• When developing an estate plan, life insurance is a component to consider.

Following Patricia’s overview, David Schoenhaar spent time discussing with the group how to use trusts when developing a good estate plan and focused his discussion on the benefits and drawbacks of a grantor trust.

  • A Grantor Trust is a trust that is not recognized as a separate taxable entity for Federal income tax purposes.
  • Grantor Trusts are typically most beneficial for married couples who have a combined estate of over $11 million and have assets that they can transfer to a trust without effecting their cash-flow and lifestyle.
  • When an asset is transferred to a grantor trust by gift or sale, the asset and any appreciation on the asset will not be included as part of the client’s estate for estate tax purposes, but the client will be taxed on the income. If the asset is sold to the trust, the sale may be in exchange for a promissory note (which note will be included in the grantor’s estate).
  • Since the grantor pays the income taxes on trust income instead of the trust, the grantor effectively makes additional gifts each year to the trust in the amount of the income taxes paid on the trust’s income without gift tax consequences.
  • Other benefits of a grantor trust are that it (a) permits the sale of assets to the trust without generating capital gain tax on the sale and (b) it provides flexibility to transfer life insurance policies.
  • David recommends that clients utilize the following guidelines to determine what assets to transfer to a grantor trust:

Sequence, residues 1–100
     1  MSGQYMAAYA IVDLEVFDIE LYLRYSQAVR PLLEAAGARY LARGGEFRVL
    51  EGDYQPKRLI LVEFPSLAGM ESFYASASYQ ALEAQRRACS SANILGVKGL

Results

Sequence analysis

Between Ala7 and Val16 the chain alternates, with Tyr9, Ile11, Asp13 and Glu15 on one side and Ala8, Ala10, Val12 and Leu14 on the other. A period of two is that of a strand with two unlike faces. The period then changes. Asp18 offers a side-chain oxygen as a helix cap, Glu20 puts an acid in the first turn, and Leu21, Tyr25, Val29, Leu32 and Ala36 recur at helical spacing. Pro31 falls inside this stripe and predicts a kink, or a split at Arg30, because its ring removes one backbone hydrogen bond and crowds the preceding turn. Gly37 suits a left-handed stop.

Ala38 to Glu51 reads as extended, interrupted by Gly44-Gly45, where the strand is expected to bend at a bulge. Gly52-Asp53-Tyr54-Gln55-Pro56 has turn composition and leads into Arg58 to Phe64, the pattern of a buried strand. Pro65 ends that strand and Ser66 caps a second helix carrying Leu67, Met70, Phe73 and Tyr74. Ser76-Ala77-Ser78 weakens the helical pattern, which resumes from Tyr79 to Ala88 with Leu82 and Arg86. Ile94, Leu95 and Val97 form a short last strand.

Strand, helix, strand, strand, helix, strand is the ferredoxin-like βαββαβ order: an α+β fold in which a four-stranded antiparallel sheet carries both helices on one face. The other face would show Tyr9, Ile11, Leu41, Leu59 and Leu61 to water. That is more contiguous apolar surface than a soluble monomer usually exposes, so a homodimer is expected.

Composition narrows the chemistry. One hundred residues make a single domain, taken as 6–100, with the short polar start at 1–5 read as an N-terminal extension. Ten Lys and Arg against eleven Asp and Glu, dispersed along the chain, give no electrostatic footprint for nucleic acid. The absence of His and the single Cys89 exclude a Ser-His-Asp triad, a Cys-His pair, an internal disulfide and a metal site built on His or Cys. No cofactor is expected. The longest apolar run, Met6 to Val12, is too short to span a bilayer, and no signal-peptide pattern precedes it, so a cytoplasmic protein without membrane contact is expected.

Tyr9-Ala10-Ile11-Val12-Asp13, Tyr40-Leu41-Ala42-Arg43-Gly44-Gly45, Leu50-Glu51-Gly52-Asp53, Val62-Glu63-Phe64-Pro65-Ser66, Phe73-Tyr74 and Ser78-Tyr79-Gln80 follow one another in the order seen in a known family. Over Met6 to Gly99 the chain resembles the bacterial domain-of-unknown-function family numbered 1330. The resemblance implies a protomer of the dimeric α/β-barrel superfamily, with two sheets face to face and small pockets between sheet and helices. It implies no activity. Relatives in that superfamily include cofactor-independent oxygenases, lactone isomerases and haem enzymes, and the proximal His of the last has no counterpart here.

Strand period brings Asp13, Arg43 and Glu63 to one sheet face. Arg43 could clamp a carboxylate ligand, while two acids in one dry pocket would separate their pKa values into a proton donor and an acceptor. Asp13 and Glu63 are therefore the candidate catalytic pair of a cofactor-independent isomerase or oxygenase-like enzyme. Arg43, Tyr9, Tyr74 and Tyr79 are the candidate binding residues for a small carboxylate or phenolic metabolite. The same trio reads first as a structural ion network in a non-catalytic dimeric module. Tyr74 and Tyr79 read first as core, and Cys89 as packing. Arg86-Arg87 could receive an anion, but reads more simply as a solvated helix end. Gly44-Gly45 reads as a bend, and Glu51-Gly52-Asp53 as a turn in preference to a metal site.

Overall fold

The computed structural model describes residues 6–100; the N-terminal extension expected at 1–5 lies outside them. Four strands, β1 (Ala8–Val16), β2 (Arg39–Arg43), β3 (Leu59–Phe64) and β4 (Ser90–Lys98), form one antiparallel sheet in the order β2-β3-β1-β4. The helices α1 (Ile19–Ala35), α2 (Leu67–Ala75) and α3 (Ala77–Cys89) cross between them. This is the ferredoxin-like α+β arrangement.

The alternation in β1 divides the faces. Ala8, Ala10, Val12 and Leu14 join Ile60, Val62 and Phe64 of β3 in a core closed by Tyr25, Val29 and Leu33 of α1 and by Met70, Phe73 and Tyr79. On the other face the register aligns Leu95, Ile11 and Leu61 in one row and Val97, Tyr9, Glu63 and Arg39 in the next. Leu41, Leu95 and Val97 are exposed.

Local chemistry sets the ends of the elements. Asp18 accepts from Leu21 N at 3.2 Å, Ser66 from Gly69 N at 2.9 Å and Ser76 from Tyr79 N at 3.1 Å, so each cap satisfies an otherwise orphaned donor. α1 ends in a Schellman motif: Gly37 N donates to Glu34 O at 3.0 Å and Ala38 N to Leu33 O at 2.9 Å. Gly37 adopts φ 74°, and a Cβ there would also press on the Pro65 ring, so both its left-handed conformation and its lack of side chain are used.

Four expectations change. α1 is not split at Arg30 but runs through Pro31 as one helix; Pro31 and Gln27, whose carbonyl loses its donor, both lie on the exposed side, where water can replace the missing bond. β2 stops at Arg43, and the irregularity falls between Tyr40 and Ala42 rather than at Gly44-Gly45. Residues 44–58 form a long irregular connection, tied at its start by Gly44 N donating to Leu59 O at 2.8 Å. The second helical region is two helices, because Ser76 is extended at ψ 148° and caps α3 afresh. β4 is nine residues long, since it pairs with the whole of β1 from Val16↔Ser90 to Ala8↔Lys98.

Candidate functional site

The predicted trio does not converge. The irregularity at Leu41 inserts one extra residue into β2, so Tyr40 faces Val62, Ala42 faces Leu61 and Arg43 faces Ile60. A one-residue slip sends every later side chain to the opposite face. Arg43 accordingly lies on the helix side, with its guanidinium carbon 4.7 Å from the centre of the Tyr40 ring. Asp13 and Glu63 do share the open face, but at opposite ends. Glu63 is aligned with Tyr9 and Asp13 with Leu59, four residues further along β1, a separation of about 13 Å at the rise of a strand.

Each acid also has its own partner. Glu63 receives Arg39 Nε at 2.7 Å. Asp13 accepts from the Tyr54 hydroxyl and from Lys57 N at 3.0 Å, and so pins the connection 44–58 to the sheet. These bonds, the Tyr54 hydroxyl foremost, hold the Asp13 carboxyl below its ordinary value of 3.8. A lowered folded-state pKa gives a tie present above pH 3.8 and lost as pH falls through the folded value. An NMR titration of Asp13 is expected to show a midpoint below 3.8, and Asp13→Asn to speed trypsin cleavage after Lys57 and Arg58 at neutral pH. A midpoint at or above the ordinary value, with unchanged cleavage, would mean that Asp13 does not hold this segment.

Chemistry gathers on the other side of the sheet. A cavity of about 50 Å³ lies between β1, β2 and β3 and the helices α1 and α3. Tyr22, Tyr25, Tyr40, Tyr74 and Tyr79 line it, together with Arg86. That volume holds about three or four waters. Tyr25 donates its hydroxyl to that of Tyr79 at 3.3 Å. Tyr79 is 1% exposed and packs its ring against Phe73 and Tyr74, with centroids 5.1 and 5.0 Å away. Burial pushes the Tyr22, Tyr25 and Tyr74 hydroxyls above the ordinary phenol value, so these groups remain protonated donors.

• Assets that you do not rely on to support your lifestyle
    • High-basis assets, as you will not get a step-up in basis in assets transferred to a grantor trust upon death
    • Assets that are likely to appreciate
    • Assets in which you hold a non-voting/minority interest so you can value the assets transferred using discounts for lack of control and lack of marketability
  • Grantor trusts are on the “hit list” of the Obama administration because it sees them as a loophole.

To close out the session, Michael Ryan, who serves on the litigation side of Jaspan Schlesinger’s estate practice group, shared some defensive planning techniques people should consider so that estate monies are not wasted on litigation.

  • He recommends that wills include a disinheritance challenge clause where you:
    • Leave the child you want to disinherit a small amount of money, but large enough that they do not want to lose it.
    • Include a clause in the will that says if anyone challenges the will, they lose their inheritance under the will.
  • Choice of fiduciaries is just as important as the techniques you use to most efficiently transfer wealth.
    • Being a fiduciary is an enormous responsibility and therefore the selection of a fiduciary should be done with care. It can be someone within the family, but if family members do not get along, a lot of money will be wasted on lawyers.
    • You may want to consider an odd number of fiduciaries so there is a tiebreaker.

After a question and answer session, Robert D. Rosenthal, Chairman, Chief Executive Officer and Chief Investment Officer of First Long Island Investors, spoke about FLI’s role in estate planning and how we work with clients and their outside advisors to most effectively devise a strategy that is in the best interest of each client.  He also noted that FLI regularly assists clients to procure life insurance.

The information provided herein is not legal advice, is not to be acted on as such, may not be current, and is subject to change without notice.